Wednesday, November 15, 2006
Created in 1933, the Civil Works Administration was established under the President Franklin Roosevelt’s New Deal program to create jobs for millions of unemployed Americans. Though temporary, the jobs were a God-send for many Americans during the Depression.
Roosevelt unveiled the CWA on November 8, 1933, with Harry L. Hopkins in charge. Roosevelt hoped that his New Deal would allow Americans to cope with the Great Depression, help end the economic downturn and help prevent any future depressions.
The CWA’s purpose was to hire workers, both men and women, to assist in the creation of public projects. It was to focus on the repair or construction of public buildings, roadways and parks. It created many construction jobs and, in just one year, had cost the Federal government over $1 billion. It was soon cancelled and replaced on April 1, 1934, under the Federal Emergency Relief Act.
On March 1 of that year, Harry Hopkins took over the federal relief program in North Dakota, removing it from the state emergency relief committee to the U.S. program that was reorganized into the Public Welfare Board, the Resettlement Administration and the Works Progress Administration.
The WPA (also called the Work Projects Administration) provided work relief to employable people, other than farmers because they were covered under the Resettlement Administration. By October 1936, nearly 61,000 people were employed on WPA projects, emergency conservation work and projects of other agencies.
In North Dakota alone, between July 1, 1935, and June 30, 1942, the WPA, often working with the Civilian Conservation Corps, built over 20,000 miles of highways and streets, 721 new bridges and viaducts, more than 150 miles of sidewalks, 503 new public buildings, 680 outdoor recreational facilities, 39 sewage treatment plants and 9 water treatment plants. It reconstructed 1,002 bridges and viaducts, over 2,000 public buildings and more than 1,700 culverts.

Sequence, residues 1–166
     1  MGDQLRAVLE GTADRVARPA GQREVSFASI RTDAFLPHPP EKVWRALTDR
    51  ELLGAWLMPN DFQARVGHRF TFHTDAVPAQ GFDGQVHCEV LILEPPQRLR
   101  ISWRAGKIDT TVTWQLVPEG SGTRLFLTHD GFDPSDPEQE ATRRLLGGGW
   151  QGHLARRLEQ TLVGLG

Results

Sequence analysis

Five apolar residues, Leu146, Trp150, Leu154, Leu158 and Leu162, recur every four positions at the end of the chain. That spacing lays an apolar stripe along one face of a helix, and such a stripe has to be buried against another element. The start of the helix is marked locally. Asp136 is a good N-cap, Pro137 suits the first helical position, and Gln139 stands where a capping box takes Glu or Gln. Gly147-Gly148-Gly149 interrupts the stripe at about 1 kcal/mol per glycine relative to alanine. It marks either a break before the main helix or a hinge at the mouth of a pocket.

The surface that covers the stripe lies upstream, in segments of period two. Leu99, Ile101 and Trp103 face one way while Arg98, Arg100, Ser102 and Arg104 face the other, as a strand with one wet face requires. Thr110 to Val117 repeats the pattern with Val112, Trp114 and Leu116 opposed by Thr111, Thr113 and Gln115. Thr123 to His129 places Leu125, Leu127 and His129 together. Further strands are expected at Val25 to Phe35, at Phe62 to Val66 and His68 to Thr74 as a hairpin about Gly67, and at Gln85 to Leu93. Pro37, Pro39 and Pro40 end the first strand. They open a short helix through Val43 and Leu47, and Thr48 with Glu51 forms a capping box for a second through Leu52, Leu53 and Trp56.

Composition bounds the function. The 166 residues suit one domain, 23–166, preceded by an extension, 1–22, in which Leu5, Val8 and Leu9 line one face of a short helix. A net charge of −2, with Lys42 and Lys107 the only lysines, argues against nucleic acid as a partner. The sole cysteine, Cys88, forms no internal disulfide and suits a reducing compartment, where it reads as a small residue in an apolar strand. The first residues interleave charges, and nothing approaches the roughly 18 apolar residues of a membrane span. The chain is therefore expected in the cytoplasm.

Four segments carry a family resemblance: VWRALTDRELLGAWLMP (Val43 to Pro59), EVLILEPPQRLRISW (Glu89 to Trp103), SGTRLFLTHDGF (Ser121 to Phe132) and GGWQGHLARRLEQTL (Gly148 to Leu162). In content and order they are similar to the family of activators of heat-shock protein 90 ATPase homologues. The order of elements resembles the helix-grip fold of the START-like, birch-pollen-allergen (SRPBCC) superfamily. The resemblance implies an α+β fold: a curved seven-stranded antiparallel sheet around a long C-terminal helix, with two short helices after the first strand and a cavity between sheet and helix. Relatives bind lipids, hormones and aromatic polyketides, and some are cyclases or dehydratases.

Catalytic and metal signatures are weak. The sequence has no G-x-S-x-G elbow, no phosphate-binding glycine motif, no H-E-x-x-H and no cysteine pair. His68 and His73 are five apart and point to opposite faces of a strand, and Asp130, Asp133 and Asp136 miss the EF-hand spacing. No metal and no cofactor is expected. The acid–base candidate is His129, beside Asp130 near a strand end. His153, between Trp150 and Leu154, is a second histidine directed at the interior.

In addition to building projects, the WPA workers also repaired books, served school lunches, sewed garments, distributed surplus commodities, conducted literacy classes and operated salvage programs. Working with the CCC, new parks were developed or expanded, and many North Dakota historic sites were improved, such as Fort Abraham Lincoln, Lake Metigoshe, Fort Abercrombie and many others.
The Historical Data Project was a WPA program designed to preserve the rich history of the U.S. by gathering biographical and historical information from North Dakota’s early settlers. Under the direction of Ethel Schlasinger, the WPA supported the Federal Writers’ Project, North Dakota: A Guide to the Northern Prairie State, published in 1938.
In total, the federal government spent about $266 million in North Dakota from 1933 through 1940. The WPA in North Dakota ended on February 1, 1943.
The work was of tremendous importance in the state, not only for immediate survival in terms of jobs during the Depression, but also for the enjoyment we continue to get from many of those projects today.
by Cathy A. Langemo